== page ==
A chicken shot out of his backpack, flapping wildly in his face. Pip managed to get a hold of the crazed chicken and it slowly calmed down.

“Hey! I guess we did manage to save a chicken,” Pip said, holding the bird proudly. “It must have snuck into my bag during the fight with those thugs.” Even though all of the chickens looked the same, Pip had a feeling that this particular bird was the first one he had thrown. He met the chicken’s small black beady eyes, and for a moment saw a flash of intelligence.


“Can we keep him?” Pip asked.

“She’s a girl,” Vidae corrected.

“How can you tell?” Pip asked, eyeing the bird with genuine curiosity.

Vidae shook her head. “It’s too dangerous to bring her along. She should be fine here. There’s enough for her to graze on.”

Pip’s shoulders slumped forward. He knew Vidae was right but he didn’t want to admit it.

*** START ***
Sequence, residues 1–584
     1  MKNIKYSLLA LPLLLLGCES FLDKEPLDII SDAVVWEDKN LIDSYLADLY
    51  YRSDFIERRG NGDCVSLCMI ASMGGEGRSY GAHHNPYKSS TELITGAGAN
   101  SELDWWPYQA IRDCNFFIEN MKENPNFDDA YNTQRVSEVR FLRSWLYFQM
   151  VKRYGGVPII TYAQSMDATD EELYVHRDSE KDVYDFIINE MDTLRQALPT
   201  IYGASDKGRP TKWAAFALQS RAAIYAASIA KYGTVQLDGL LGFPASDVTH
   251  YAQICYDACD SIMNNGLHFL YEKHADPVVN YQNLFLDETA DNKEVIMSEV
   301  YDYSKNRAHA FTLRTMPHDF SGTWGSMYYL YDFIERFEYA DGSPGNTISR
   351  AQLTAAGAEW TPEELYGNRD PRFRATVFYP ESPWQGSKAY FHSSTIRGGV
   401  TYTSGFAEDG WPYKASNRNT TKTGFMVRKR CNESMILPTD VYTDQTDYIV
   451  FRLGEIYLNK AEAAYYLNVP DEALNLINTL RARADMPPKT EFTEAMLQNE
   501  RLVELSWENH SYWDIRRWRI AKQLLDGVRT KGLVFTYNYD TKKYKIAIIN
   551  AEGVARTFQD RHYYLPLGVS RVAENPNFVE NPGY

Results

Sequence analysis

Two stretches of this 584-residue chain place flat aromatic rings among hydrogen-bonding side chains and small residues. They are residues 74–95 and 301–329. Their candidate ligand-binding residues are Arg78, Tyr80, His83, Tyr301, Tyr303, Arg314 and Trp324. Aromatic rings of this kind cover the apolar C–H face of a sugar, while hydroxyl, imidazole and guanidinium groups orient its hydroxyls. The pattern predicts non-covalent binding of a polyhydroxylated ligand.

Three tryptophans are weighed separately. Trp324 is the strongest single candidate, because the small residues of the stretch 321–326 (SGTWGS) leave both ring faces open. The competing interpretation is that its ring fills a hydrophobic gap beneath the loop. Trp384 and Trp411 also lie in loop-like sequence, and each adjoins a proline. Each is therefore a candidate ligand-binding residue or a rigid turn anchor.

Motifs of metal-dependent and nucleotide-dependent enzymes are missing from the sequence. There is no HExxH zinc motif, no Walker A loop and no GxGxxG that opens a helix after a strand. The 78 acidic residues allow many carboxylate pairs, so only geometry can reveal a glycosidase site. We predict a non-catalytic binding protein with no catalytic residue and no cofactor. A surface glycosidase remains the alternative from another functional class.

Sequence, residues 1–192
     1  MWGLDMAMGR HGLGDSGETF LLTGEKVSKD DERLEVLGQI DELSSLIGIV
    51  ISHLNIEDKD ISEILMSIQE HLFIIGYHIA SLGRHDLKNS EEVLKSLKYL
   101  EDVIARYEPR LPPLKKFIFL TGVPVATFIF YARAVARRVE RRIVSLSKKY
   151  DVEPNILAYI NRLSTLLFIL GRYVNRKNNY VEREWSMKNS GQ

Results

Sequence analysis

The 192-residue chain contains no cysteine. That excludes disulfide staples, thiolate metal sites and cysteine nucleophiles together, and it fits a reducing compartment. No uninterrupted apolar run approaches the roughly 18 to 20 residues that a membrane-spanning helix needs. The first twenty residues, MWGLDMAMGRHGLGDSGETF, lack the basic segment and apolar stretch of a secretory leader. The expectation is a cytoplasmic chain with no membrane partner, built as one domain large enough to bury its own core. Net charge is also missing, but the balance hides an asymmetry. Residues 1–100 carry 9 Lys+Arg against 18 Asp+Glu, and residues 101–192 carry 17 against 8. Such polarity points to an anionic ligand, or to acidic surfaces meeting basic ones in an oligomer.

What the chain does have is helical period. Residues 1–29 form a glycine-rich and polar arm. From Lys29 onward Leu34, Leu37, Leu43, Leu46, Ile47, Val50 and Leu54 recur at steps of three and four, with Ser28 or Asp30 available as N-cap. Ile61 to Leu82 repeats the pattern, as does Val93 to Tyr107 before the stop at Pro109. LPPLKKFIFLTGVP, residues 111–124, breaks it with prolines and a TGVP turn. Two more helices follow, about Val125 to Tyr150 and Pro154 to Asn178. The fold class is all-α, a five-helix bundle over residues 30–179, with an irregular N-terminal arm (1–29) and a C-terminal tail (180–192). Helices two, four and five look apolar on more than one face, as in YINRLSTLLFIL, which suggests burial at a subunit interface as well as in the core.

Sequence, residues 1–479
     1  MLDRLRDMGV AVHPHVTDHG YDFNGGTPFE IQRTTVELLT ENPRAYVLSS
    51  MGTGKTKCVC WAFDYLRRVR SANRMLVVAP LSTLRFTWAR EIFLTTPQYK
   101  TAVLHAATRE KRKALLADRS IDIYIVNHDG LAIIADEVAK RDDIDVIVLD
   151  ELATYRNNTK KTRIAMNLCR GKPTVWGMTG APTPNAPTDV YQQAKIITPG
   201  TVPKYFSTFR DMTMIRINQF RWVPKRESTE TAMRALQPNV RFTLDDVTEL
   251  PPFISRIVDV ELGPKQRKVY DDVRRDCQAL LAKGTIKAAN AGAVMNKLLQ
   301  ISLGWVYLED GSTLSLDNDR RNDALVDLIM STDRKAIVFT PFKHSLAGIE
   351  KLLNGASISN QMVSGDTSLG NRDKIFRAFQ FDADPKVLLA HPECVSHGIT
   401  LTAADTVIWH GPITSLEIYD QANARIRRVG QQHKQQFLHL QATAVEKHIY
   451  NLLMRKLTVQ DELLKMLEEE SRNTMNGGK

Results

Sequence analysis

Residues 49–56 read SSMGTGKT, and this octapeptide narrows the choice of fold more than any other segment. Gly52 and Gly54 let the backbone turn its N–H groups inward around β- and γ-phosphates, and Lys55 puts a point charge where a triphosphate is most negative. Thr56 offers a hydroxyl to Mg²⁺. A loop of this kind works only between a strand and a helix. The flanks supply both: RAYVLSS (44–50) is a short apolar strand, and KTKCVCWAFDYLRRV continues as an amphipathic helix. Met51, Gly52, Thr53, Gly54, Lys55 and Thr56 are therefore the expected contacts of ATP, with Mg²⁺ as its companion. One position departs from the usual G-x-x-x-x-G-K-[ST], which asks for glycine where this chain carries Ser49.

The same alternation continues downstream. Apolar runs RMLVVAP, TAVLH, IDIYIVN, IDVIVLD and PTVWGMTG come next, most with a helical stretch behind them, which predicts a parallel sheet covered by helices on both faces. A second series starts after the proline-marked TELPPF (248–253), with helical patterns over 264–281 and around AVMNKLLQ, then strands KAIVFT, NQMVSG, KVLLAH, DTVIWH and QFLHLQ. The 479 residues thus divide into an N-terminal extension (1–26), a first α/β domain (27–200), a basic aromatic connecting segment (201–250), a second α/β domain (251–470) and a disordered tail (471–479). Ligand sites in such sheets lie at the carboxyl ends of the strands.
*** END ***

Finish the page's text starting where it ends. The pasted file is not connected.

“Well, little fella, I don’t think this is the best place for you to make a new home, but it’s better than where you were. Good luck.”

Pip gently set the bird onto the path and gave her a little pat before turning away. He quickly brushed away the tear that was working its way down his cheek. Just a dumb bird, after all.

The chicken, more or less confused as to what had just transpired, walked around aimlessly, pecking at the ground in search of food.

“You alright?” Tormat asked Pip.

“Oh yeah, I just got a little sand in my eye…”

Tormat put a hand on Pip’s shoulder. “Don’t worry, little buddy. She’ll be alright.”